Forty years ago this spring, the world witnessed one of the turning points of the Cold War: the closing of the U.S. Embassy in South Vietnam, followed quickly by the panicked evacuation of Americans and their allies from the region and then the tragedy of hundreds of thousands of so-called Boat People fleeing from Vietnam into the South China Sea.

I witnessed this painful denouement as a young Foreign Service officer assigned to the U.S.’s Embassy in Bangui, Central Africa Republic, and, like people everywhere, I was horrified by the tales of poor men, women and children risking everything in rickety crafts. That they also were subjecting themselves to fearsome typhoons and other natural perils, as well as the predations of pirates hunting them as prey, raping women and girls, and robbing them of whatever savings they carried, made this period especially tragic.

That tragedy now seems uplifting compared with what we are witnessing today on the Mediterranean. A tide of death is surging on Europe’s doorstep, yet this time the world’s reaction is abominable. Forty years ago our leaders pulled together to help migrants in dire straits. Today the sight of migrants in distress is pulling our leaders apart.

The Mediterranean Sea, the world’s most lethal migrant zone, swallowed 3,279 lives in 2014, a number we may well consider a mere fraction of 2015’s death toll, if current trends continue.

I am speaking of the month of April, still not over, when over 1,000 migrants have been reported missing and presumed drowned. That’s about 20 times the number the International Organization for Migration, the agency I direct, recorded by this time last year. We are alarmed at that statistic — and horrified.

Just this month, IOM has fielded reports of 400 migrants dead in a capsizing on April 14 south of Malta; 50 more on April 17 near Lampedusa, and as many as 800 lives likely lost just off the coast of Libya, only a week ago. Meanwhile survivors of these terrifying voyages tell tales of abuse, torture and deprivation no human being should be forced to withstand. This month gangs reportedly put to sea more than 20 burn victims — one a six month-old baby girl — after a cooking fire swept through a Libyan “safe” house where smugglers were holding migrants before an upcoming voyage. On board one of their craft was a 21st burn victim, found dead.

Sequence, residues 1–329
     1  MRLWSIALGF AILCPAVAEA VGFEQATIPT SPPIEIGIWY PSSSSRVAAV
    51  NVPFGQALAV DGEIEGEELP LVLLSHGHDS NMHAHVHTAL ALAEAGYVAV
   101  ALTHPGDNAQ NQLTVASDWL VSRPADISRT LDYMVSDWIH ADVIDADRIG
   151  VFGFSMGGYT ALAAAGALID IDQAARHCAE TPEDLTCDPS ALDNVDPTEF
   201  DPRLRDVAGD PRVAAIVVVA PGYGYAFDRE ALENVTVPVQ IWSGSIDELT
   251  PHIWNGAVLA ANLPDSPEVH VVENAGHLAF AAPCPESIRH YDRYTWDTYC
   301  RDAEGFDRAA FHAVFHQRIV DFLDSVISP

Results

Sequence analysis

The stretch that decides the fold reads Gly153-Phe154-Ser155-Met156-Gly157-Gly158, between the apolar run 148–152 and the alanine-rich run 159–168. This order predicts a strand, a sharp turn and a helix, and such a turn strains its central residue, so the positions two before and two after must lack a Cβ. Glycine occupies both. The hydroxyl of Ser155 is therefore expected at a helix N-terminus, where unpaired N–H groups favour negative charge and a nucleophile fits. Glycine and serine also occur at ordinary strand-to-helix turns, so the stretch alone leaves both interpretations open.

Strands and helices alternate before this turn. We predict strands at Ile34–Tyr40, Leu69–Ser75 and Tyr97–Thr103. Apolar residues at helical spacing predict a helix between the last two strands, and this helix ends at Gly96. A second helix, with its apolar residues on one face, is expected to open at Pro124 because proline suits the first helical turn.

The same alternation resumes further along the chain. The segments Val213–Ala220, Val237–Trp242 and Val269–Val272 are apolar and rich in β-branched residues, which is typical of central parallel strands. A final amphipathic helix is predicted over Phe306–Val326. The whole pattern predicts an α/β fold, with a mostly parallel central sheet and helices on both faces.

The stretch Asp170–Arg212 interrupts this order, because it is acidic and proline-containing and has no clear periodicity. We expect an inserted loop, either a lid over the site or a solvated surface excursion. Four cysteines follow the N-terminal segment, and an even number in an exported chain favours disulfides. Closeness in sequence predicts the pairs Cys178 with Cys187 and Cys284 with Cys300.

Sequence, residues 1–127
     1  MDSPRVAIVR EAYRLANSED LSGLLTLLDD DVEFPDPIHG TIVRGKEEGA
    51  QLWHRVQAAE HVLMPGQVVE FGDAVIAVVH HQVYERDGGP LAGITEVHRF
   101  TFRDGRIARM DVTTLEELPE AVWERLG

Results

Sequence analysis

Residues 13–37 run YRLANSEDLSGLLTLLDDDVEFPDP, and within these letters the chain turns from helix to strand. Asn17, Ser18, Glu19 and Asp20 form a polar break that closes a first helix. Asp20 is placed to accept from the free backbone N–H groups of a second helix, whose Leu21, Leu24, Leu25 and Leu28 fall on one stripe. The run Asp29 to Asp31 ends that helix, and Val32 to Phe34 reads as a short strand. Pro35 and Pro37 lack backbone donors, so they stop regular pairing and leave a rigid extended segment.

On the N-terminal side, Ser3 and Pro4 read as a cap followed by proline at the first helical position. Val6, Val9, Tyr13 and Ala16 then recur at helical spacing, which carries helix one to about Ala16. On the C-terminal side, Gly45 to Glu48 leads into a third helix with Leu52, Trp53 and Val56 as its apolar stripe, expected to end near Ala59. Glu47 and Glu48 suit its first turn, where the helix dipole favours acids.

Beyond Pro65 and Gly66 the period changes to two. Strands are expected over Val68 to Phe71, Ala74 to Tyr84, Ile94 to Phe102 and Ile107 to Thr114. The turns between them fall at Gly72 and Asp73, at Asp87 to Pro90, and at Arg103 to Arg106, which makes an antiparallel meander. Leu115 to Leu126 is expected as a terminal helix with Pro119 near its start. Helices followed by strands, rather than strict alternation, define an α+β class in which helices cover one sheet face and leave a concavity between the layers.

And yet, while we applaud the decision yesterday by the E.U. to once more put saving lives at the top of their priorities, for too long the world has seemed paralyzed in its response.

Compare this present situation to what was happening 40 years ago. In the late 1970s, when 50,000 or more migrants fled Vietnam and Cambodia for the open sea, the world reacted swiftly. Resettlement efforts carried many of those seeking settlement to safety, first in Thailand, and then the far corners of the world. On the high seas, search and rescue missions operated round the clock. Commercial vessels, too, were encouraged to make rescues, with many ports giving ships bearing rescued Boat People special entry, often waiving paperwork that would have made delivering rescued migrants time-consuming and expensive for shipping companies. Eventually, hundreds of thousands of evacuated Vietnamese, Cambodian, Lao and Montagnard migrants found haven across the U.S., Many also found new homes in France, Australia and parts of Asia, even South America.

Nothing like that is happening with today’s generation of Boat People. Instead of seeking havens for the thousands of Africans and Middle Easterners risking their lives to cross the Mediterranean, too many countries are looking for excuses to turn these migrants back. We must act. And we must ask: What do we want from a migration policy? The simple answer is, something that benefits the migrants seeking to enter as well as the countries that receive them — or what in management parlance is called “a Win-Win.”

Sadly what we have today is the absence of a coherent migration policy, is the opposite: a Lose-Lose. The sad losers, of course are the unfortunate migrants shamefully perishing in the waters or deserts each year by the thousands. Also losing are the citizens and their elected representatives, who watch helplessly as their laws and regulations are flouted by the hundreds of thousands of irregular migrants who do manage to enter Europe, despite the danger. Last year almost 3,500 migrants drowned trying to enter Italy, Greece and Spain by sea — but more than 219,000 survived the voyage. If you do the math, that’s a 94% success rate.

In other words, for all the wasted human life, even these dangers won’t stop migrants from coming. Chance of success simply is too high, and the rewards of that success are simply too great.

This is madness. Many of these migrants already qualify under existing law for asylum or temporary resettlement as refugees. Many who don’t — economic migrants seeking jobs — could come and go under temporary work visas or similar arrangements that would allow them to work in the jobs that are available and cannot be filled otherwise – this would also prevent them from bringing their families with them and avoid the high costs for hosting countries. Employers would get the labor they crave for seasonal harvests and countless other jobs; the specter of needless deaths at sea would cease.

The only way to turn the current lose-lose into a win-win is to manage the migrant flow sensibly in pragmatic fashion. The time to act is now.